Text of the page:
An example of this could be a company claiming to have developed a cure for cancer. In response to the statement, the company’s value may soar as new investors flock to buy up shares, only to plummet when the statement is determined to be false.

4. Investment Seems Too Good to Be True

If an investment seems “too good to be true” – such as buying certain shares that will immediately result in high-profit returns, for example – it likely is. In the stock market, it is exceptionally rare for investments to skyrocket overnight. Claims that a certain stock is a sure bet and result in immediate returns may be exaggerated or unfounded.

5. History of Securities Class-Action

Some companies, despite numerous fines from the U.S. Securities Exchange Commission (SEC) and one or several securities class-actions, continue to commit securities violations. If you are in an investor in a company with such a track record, you may be at higher risk of encountering such fraud.

What Should You Do If You Are a Victim of Securities Fraud?

As securities law violations continue to rise at unprecedented rates year after year, it grows increasingly important for investors to be cautious, recognize when a violation has occurred, and take action immediately.

Various corporations have allegedly manipulated their stocks or committed other securities law violations, which caused shareholders to suffer significant financial damages.

At Sokolove Law, our team is currently investigating cases involving the companies below:

  • Anadarko Petroleum Corp. (APC)
  • Funko, Inc. (FNKO)
  • Inovio Pharmaceuticals (INO)
  • JELD-WEN Holding, Inc. (JELD)
  • Spirit AeroSystems Holdings, Inc. (SPR)
  • Tufin Software (TUFN)
  • Tupperware Brands Corp. (TUP)

A securities class-action lawyer may be able to help investors of a particular stock or security recover their economic losses and hold the company at fault accountable.

Sokolove Law, a national law firm, offers a free, no-obligation legal case review for those who believe they have suffered damages due to a corporation’s violation of U.S. securities law.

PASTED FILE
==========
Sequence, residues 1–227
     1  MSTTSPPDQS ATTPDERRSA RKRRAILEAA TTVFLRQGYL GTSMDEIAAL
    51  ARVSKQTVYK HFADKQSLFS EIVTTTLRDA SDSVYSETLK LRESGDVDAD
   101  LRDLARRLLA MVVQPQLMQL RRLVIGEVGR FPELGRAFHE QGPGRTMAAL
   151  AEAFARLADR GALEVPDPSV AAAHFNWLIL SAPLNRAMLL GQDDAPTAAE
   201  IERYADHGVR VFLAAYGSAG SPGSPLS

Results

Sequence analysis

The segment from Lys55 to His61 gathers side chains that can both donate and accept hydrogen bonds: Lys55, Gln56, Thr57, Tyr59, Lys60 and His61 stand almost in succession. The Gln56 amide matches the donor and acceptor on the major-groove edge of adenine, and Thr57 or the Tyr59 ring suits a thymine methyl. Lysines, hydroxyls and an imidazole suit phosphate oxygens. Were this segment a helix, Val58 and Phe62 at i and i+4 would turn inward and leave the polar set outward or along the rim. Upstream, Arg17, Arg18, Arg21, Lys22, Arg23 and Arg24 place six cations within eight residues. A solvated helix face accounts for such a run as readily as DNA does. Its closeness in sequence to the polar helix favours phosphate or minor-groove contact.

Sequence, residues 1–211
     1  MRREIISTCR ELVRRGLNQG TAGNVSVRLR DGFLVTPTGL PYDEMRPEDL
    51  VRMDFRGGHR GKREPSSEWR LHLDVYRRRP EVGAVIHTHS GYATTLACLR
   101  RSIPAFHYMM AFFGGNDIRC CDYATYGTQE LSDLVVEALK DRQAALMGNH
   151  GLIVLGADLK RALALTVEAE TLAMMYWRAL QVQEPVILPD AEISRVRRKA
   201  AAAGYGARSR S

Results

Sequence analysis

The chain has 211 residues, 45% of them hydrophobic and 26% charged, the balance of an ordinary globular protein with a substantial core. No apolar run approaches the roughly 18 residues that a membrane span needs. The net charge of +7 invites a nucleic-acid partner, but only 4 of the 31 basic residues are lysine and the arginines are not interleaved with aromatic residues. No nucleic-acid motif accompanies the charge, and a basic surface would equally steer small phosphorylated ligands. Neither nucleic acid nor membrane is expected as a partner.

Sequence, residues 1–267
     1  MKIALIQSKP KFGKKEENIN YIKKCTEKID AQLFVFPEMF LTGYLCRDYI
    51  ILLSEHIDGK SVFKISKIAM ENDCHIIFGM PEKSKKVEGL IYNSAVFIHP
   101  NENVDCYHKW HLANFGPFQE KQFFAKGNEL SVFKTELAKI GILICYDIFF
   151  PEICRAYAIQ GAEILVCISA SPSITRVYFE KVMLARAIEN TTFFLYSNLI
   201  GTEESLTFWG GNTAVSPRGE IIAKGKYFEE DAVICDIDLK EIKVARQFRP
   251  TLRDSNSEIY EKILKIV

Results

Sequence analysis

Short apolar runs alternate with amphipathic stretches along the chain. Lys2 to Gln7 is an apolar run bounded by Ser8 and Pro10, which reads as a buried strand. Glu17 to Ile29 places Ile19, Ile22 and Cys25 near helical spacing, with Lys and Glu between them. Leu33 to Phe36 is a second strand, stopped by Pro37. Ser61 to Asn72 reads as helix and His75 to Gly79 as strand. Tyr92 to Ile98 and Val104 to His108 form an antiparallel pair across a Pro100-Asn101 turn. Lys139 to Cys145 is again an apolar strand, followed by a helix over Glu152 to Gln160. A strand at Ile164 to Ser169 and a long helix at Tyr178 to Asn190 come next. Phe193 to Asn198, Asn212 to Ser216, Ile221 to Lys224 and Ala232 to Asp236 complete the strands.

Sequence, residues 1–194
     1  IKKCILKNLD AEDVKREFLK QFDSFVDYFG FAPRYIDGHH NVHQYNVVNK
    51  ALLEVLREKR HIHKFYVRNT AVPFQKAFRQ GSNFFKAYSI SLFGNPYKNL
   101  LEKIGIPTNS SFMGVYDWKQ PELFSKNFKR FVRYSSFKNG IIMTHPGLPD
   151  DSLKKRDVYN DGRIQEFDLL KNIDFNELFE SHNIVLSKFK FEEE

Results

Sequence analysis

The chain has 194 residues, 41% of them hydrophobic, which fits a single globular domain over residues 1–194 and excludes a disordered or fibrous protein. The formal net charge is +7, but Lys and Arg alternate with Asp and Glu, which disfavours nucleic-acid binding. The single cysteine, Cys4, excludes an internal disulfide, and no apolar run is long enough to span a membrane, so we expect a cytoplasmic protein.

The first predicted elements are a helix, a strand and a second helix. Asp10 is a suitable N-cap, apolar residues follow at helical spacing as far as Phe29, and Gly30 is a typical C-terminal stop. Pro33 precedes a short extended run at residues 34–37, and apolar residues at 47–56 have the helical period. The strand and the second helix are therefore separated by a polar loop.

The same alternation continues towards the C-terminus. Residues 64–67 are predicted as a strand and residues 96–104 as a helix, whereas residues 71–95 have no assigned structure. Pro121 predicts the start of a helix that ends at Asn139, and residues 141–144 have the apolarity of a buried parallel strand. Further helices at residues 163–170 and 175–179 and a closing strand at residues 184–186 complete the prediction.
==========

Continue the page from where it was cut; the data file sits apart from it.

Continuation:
Call Sokolove Law today at (800) 598-5203 to learn more about how we might be able to help you recover your losses.

Sokolove Law Team

Contributing Authors

The Sokolove Law Content Team is made up of writers, editors, and journalists. We work with case managers and attorneys to keep site information up to date and accurate. Our site has a wealth of resources available for victims of wrongdoing and their families.

Last modified: November 5, 2020

  1. Cornerstone Research. “Securities Class Action Filings Reach Record Levels in 2019.” Retrieved from https://www.cornerstone.com/Publications/Press-Releases/Securities-Class-Action-Filings-Reach-Record-Levels-in-2019. Accessed March 24, 2020.
  2. New York University School of Law. “How Pervasive Is Corporate Fraud?” Dyck, Alexander, Adair Morse and Luigi Zingales. Retrieved from https://www.law.nyu.edu/sites/default/files/upload_documents/Adair%20Morse%20How%20Pervasive%20is%20Corporate%20Fraud.pdf. Accessed March 24, 2020.
  3. Pricewaterhousecoopers. “PwC’s Global Economic Crime and Fraud Survey 2020.” Retrieved from https://www.pwc.com/gx/en/services/advisory/forensics/economic-crime-survey.html. Accessed March 24, 2020.
  4. Stanford Law School. “Securities Class Action Clearinghouse: A Collaboration With Cornerstone Research.” Retrieved from http://securities.stanford.edu/. Accessed March 24, 2020.
  5. University of Michigan Law School Scholarship Repository. “SEC Investigations and Securities Class Actions: An Empirical Comparison.” Retrieved from https://repository.law.umich.edu/cgi/viewcontent.cgi?article=2810&context=articles. Accessed March 24, 2020.
  6. U.S. Federal Bureau of Investigation. “Securities Fraud Awareness & Prevention Tips.” Retrieved from https://www.fbi.gov/stats-services/publications/securities-fraud. Accessed March 24, 2020.
  7. U.S. Securities and Exchange Commision. “Guide to Identifying and Avoiding Securities Fraud.” Retrieved from https://www.sec.gov/reportspubs/investor-publications/investorpubsidentavoidfraudhtm.html. Accessed March 24, 2020.
  8. William & Mary Law Review. “The Cost of Securities Fraud.” Retrieved from https://scholarship.law.wm.edu/cgi/viewcontent.cgi?article=3488&context=wmlr. Accessed March 24, 2020.